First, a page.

32 Pages Posted: 16 Feb 2012 Last revised: 14 Feb 2014
Date Written: December 30, 2011
Political and economic outcomes depend, in part, on the quality of the officials making policy. Many scholars argue that the free and fair elections are the best method for selecting competent officials. Others, however, argue that elections can lead to the selection of amateurs, demagogues, and political sycophants. Under this view, sub-national officials should be appointed by centralized planners who are insulated from local popular pressures. In this paper, we use original data on the biographies of Russian regional governors to determine whether the backgrounds of governors elected between 1992 and 2004 differ from the backgrounds of appointed governors post-2004. We find that the two groups are surprisingly similar on many dimensions. Elected and appointed governors have similar career backgrounds, ages, educational profiles, and ethnicities. But there are some important differences as well. Elected governors, are more likely to have held elected office and be from the region where they serve. Appointed governors are also more likely to be federal bureaucrats, hold a graduate degree, and have education in economics. Finding that the selection mechanism explains only a small portion of the variance in governor backgrounds, we conclude the paper by speculating on other possible explanations for variation in governor background.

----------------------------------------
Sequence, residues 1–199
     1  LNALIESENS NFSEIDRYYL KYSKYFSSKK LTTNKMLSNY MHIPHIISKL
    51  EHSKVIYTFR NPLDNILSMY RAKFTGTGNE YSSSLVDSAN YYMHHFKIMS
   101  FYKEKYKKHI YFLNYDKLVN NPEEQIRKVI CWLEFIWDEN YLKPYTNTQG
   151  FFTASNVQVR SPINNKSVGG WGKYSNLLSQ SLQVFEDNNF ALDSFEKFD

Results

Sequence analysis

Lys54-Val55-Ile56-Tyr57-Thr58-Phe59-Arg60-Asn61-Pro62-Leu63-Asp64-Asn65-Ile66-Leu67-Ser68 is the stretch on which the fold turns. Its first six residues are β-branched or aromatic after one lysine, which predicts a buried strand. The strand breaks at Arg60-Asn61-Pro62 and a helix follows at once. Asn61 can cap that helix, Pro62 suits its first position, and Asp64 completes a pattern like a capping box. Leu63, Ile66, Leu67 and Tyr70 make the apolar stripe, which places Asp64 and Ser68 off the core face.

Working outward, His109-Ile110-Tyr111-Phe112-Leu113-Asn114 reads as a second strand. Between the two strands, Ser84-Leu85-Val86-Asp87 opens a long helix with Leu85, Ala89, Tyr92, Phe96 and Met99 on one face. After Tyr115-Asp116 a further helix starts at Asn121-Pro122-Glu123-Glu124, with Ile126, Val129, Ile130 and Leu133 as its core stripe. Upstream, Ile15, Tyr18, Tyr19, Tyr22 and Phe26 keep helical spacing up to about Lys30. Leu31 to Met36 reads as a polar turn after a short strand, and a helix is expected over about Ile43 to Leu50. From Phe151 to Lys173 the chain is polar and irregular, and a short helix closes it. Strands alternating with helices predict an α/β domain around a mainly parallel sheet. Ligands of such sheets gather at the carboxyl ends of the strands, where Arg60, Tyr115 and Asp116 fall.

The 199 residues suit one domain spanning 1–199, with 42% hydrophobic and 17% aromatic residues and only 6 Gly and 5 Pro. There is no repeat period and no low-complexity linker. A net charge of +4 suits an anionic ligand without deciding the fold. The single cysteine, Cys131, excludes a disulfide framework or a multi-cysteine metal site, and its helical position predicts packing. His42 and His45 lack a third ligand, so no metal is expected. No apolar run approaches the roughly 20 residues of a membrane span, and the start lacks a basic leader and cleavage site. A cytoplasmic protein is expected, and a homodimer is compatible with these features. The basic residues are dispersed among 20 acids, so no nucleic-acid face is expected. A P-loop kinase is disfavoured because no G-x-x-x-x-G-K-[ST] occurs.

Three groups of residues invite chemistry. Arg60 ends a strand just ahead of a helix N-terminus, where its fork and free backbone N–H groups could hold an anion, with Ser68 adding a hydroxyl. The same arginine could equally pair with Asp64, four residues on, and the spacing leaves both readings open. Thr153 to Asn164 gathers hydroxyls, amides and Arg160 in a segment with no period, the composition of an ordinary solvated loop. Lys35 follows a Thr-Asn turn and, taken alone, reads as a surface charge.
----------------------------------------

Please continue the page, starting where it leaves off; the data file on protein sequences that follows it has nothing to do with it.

Keywords: gubernatorial elections, gubernatorial appointments, regional elites, elite selection, Russia
JEL Classification: R59
Suggested Citation: Suggested Citation
Buckley, Noah and Frye, Timothy and Garifullina, Guzel and Reuter, Ora John, The Political Economy of Russian Gubernatorial Election and Appointment (December 30, 2011). Higher School of Economics Research Paper No. WP BRP 01/PS/2011. Available at SSRN: https://ssrn.com/abstract=2005704 or http://dx.doi.org/10.2139/ssrn.2005704